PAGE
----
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Article

An Early Block in the Replication of the Atypical Bluetongue Virus Serotype 26 in Culicoides Cells Is Determined by Its Capsid Proteins

1
The Pirbright Institute, Pirbright, Surrey GU24 0NF, UK
2
Institute of Infection and Global Health, University of Liverpool, Liverpool Science Park IC2, Liverpool L3 5RF, UK
3
MRC-University of Glasgow Centre for Virus Research, Sir Michael Stoker Building, Garscube Campus, University of Glasgow, Glasgow G61 1QH, UK
4
Edinburgh Genome Foundry, University of Edinburgh, Edinburgh EH9 3BF, UK
5
School of Veterinary Medicine and Science, University of Nottingham, Sutton Bonington Campus, Nottingham LE12 5RD, UK
*
Author to whom correspondence should be addressed.
Academic Editors: Noemí Sevilla, Verónica Martín and José M. Rojas
Viruses 2021, 13(5), 919; https://doi.org/10.3390/v13050919
Received: 25 March 2021 / Revised: 4 May 2021 / Accepted: 7 May 2021 / Published: 15 May 2021
(This article belongs to the Special Issue Bluetongue Virus: Pathogenesis and Vaccines)
Arboviruses such as bluetongue virus (BTV) replicate in arthropod vectors involved in their transmission between susceptible vertebrate-hosts. The “classical” BTV strains infect and replicate effectively in cells of their insect-vectors (Culicoides biting-midges), as well as in those of their mammalian-hosts (ruminants). However, in the last decade, some “atypical” BTV strains, belonging to additional serotypes (e.g., BTV-26), have been found to replicate efficiently only in mammalian cells, while their replication is severely restricted in Culicoides cells. Importantly, there is evidence that these atypical BTV are transmitted by direct-contact between their mammalian hosts. Here, the viral determinants and mechanisms restricting viral replication in Culicoides were investigated using a classical BTV-1, an “atypical” BTV-26 and a BTV-1/BTV-26 reassortant virus, derived by reverse genetics. Viruses containing the capsid of BTV-26 showed a reduced ability to attach to Culicoides cells, blocking early steps of the replication cycle, while attachment and replication in mammalian cells was not restricted. The replication of BTV-26 was also severely reduced in other arthropod cells, derived from mosquitoes or ticks. The data presented identifies mechanisms and potential barriers to infection and transmission by the newly emerged “atypical” BTV strains in Culicoides. View Full-Text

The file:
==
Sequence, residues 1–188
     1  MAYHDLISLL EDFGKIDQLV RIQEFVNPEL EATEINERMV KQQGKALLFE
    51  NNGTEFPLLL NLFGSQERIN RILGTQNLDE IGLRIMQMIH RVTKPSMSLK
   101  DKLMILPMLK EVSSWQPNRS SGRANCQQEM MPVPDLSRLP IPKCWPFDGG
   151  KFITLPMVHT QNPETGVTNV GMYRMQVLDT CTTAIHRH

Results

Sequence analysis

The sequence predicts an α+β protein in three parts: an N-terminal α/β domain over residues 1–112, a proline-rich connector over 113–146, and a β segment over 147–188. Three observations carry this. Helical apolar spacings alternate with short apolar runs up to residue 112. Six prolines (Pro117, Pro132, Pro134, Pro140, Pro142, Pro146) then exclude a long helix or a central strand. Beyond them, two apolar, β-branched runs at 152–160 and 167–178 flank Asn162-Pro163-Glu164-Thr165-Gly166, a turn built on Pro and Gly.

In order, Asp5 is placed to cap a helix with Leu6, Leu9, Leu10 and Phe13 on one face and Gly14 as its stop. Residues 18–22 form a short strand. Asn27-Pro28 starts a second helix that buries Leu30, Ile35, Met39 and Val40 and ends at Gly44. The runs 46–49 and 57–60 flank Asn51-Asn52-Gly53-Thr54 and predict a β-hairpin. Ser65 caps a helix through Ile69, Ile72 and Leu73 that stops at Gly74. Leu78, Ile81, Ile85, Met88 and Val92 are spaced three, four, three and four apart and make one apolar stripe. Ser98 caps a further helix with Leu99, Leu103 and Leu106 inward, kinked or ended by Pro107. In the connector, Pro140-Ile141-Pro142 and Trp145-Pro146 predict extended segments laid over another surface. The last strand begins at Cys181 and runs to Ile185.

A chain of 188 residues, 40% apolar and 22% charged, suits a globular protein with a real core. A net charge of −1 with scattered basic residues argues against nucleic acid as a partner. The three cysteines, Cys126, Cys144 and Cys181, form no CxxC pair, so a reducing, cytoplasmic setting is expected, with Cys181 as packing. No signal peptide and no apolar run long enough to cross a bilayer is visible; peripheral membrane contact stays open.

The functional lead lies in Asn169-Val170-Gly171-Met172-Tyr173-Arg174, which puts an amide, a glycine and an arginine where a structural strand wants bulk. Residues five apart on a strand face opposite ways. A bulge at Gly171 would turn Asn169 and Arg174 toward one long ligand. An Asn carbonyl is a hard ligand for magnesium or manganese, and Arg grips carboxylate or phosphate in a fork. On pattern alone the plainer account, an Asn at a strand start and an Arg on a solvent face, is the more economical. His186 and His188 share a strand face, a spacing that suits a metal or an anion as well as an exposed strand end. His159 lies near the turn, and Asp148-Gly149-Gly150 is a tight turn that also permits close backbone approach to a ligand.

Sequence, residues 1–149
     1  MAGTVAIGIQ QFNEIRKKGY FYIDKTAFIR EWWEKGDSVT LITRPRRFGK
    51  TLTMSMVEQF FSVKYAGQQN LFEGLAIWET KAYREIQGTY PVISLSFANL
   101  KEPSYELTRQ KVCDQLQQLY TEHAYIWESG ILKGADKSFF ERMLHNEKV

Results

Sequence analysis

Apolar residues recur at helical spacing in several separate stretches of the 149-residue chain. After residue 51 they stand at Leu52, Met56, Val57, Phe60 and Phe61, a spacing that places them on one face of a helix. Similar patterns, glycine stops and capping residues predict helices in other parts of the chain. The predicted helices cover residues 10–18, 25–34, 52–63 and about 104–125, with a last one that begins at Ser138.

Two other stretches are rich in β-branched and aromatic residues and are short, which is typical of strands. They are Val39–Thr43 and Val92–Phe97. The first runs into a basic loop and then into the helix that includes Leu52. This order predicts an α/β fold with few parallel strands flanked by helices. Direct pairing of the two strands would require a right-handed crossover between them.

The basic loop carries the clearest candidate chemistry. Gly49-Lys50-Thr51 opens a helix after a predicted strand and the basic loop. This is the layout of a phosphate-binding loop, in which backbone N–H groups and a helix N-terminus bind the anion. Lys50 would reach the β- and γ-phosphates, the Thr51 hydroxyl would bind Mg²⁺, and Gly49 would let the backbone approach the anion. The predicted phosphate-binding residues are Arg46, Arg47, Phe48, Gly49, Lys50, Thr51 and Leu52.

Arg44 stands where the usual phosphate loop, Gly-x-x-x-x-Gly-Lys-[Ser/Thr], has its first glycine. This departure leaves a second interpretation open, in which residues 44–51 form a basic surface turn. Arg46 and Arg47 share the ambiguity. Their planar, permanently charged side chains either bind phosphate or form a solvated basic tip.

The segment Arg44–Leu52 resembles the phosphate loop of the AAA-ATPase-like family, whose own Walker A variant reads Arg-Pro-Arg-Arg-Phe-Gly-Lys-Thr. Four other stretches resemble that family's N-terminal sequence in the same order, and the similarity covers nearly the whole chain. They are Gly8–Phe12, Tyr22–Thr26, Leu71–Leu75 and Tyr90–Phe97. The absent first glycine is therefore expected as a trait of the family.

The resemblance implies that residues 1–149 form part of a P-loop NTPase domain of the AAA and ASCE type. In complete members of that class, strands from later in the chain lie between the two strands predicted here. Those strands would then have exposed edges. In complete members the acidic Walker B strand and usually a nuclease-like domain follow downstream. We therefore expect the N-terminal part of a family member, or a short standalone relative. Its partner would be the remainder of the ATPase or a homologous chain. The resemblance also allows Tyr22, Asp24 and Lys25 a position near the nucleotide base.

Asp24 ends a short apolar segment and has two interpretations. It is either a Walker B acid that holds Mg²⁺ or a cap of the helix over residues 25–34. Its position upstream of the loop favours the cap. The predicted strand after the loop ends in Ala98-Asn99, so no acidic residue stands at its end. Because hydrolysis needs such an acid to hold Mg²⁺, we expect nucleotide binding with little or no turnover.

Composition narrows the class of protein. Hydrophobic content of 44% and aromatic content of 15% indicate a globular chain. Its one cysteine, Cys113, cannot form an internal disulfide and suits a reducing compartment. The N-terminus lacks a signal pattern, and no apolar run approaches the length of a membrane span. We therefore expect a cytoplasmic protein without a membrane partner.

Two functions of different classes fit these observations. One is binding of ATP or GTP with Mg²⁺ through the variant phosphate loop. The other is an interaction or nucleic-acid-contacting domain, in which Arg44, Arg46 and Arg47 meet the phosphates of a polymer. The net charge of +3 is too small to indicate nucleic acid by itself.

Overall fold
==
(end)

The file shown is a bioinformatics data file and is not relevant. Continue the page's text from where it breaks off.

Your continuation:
Keywords: arbovirus; bluetongue; BTV-26; atypical serotype; reverse genetics; cell binding; VP2 arbovirus; bluetongue; BTV-26; atypical serotype; reverse genetics; cell binding; VP2
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MDPI and ACS Style

Guimerà Busquets, M.; Pullinger, G.D.; Darpel, K.E.; Cooke, L.; Armstrong, S.; Simpson, J.; Palmarini, M.; Fragkoudis, R.; Mertens, P.P.C. An Early Block in the Replication of the Atypical Bluetongue Virus Serotype 26 in Culicoides Cells Is Determined by Its Capsid Proteins. Viruses 2021, 13, 919. https://doi.org/10.3390/v13050919

AMA Style

Guimerà Busquets M, Pullinger GD, Darpel KE, Cooke L, Armstrong S, Simpson J, Palmarini M, Fragkoudis R, Mertens PPC. An Early Block in the Replication of the Atypical Bluetongue Virus Serotype 26 in Culicoides Cells Is Determined by Its Capsid Proteins. Viruses. 2021; 13(5):919. https://doi.org/10.3390/v13050919

Chicago/Turabian Style

Guimerà Busquets, Marc, Gillian D. Pullinger, Karin E. Darpel, Lyndsay Cooke, Stuart Armstrong, Jennifer Simpson, Massimo Palmarini, Rennos Fragkoudis, and Peter P. C. Mertens. 2021. "An Early Block in the Replication of the Atypical Bluetongue Virus Serotype 26 in Culicoides Cells Is Determined by Its Capsid Proteins" Viruses 13, no. 5: 919. https://doi.org/10.3390/v13050919

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